SECURE FROM DAY 1
One of the interesting things about self-encrypting drives is that everything is encrypted all the time. The entire drive is encrypted. Everything is encrypted from day one whether you want it to be or not. It’s not possible to have a self-encrypting drive that isn’t encrypted, which sounds great. The reason is that there are a couple of keys involved. The first key that you need to know about is the encryption key. That’s the key that the drive uses to encrypt information and is created when the drive is built; the encryption creates that key. It is locked away in the hardware. That’s the key for the encryption of all information saved to the drive and coming back. The problem is that that key is available all the time. So essentially it’s like having a great system of locks on your front door, but the key is in the door every time you go out. So you might have great locks, but there’s no security. That’s where the second key comes in – the authentication key. The authentication key locks away the data encryption key. It encrypts it and locks it away so that you can’t get to it unless you have the authentication key that you take with you. That’s the key that enables you to prove that you are the authorized user of this device and the information. So, like everything else in encryption, the big challenge is key management. You must secure the authentication key and manage it appropriately.
Now, the good news is that devices are encrypted from day one and there’s no sort of setup. So the device again is going to be running, encrypting everything as it gets written to the drive itself. What if I need to go and make sure that there’s nothing on there that can’t be found somewhere else. All you do is destroy the key and the information is unusable. Once you’ve got that initial key management under control.
THEY DON’T NEED MANAGEMENT
I’m sure you’re asking, “Okay, so how would I do that?” You do that by putting in management layers and this should not be a great surprise to anybody. But if you want to be able to manage all of those keys, enable people to get access to their systems without any great difficulty and ensure that they can continue to have access, you need a management layer. So, there’s technology that enables you to activate the set policies to manage which users have access, when they can have access to remove their right to have access, of course, if you need to. You really have to think about maintaining control over who has access to authentication keys, and when they need to get access. We have to consider things like user recovery, for when a user inevitably is on the other side of the planet and lost their authentication key and can’t get in. Things like this are a big challenge when you are looking at encryption technology, especially full disk encryption approaches. One of the big complaints is in the pre-boot step, in other words, the step where the user authenticates himself, if the authentication key is difficult to manage, then it has its own patch management. People have to literally leave their systems and enable that to happen in the worst case, and that’s really not ideal at all. You want to question, “Can my management layer maybe enable me to implement while having access to patch management processes?” System loss is another challenge here. One of the challenges here is if the device is lost, how do I ensure that people can’t have access to it anymore? Can I kill those keys quickly in order to prevent people from getting in? This brings up reporting and auditing and wanting to be able to assist them. I want to be able to prove that these controls are in place. I want to make sure that the information is protected at all times. Provide auditing and compliance report into my internal stakeholders, my compliance managers and so on. These are the major things that you need to think about when you’re talking about management.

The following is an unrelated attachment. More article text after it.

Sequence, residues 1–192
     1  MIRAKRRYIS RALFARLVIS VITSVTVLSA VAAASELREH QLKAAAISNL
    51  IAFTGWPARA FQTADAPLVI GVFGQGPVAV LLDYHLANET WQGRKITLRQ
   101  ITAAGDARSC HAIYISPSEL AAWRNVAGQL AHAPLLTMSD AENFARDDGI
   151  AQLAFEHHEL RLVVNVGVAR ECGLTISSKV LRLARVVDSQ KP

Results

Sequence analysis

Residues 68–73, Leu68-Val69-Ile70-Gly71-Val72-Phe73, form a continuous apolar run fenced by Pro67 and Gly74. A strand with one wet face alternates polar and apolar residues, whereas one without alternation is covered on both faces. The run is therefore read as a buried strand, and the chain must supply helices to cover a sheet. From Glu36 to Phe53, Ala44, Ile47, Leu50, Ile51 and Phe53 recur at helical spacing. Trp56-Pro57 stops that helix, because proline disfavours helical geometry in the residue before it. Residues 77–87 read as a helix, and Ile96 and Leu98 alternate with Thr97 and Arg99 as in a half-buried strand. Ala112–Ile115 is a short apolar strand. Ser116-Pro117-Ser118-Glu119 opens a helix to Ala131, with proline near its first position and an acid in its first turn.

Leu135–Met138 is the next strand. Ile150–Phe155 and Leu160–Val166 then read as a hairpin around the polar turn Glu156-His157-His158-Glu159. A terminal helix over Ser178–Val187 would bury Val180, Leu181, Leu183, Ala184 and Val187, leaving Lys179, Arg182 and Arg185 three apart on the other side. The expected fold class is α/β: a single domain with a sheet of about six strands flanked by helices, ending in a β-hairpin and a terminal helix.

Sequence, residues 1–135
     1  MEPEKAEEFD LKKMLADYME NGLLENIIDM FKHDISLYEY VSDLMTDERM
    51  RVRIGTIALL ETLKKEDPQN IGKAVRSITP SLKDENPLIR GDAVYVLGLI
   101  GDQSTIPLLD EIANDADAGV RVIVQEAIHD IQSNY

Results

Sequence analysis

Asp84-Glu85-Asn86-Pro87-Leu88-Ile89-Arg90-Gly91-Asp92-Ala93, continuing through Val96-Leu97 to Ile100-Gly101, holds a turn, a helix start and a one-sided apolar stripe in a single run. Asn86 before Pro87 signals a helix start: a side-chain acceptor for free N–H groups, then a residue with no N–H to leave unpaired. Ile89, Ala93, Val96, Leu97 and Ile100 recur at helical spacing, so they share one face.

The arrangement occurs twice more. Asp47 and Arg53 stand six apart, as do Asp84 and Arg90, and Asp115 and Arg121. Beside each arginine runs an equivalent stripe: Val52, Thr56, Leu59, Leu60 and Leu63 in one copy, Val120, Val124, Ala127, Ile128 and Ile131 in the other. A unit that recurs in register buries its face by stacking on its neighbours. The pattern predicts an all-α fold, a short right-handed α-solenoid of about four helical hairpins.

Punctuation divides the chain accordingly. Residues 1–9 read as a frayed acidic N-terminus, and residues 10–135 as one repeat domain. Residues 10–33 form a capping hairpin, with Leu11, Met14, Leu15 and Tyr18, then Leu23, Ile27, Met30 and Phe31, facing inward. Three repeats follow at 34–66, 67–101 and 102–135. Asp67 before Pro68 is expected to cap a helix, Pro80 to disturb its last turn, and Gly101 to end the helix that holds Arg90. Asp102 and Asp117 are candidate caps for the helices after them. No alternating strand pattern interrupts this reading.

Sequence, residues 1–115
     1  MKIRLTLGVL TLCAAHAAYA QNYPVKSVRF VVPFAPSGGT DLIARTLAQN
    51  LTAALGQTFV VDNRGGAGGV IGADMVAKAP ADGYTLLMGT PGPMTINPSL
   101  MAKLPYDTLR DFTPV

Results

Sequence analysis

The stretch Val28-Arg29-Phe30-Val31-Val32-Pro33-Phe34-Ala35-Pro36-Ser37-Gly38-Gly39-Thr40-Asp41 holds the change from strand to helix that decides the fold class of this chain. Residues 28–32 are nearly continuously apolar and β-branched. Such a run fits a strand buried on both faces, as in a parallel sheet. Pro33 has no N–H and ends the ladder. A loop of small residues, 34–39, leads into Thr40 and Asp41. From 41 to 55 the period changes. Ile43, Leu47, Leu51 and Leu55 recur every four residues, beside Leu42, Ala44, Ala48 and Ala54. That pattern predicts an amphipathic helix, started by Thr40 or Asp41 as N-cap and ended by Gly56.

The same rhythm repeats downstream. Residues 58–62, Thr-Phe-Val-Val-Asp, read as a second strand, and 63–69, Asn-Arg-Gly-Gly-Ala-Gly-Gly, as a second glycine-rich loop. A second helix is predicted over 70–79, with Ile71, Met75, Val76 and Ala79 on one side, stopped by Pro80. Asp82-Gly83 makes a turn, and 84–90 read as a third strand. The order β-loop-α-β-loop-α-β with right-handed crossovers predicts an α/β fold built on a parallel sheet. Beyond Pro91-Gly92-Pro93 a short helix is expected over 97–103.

ONE SIZE FITS ALL
One of the other things is to bear in mind is the idea of one size fits all. SED’s are great and extremely effective. They are becoming increasingly more affordable as price points are coming down, but they’re still not necessarily going to be the right solution for everything. Think about the challenges with any full disk approach is that once you unlock it, it is unlocked for good. For example, if I have sensitive information on my direct device and I need to give it to an administrator or contract organization for them to work on, I need to have that drive unlocked. That could be a concern that they have access to any information that’s on that system. Another option is to provide access to what I would call “non-authorized” users. That’s also something to think about. So they’re great tools, but use them in the right place. There are always things to consider: “What happens when I’m moving onto a different system without an SED on it? What happens when I move it out into a cloud environment?” They’re a great solution, yes, but you obviously have to think beyond just that device.
Stay tuned as we shift gears to pre-boot authentication and a well-rounded SED solution.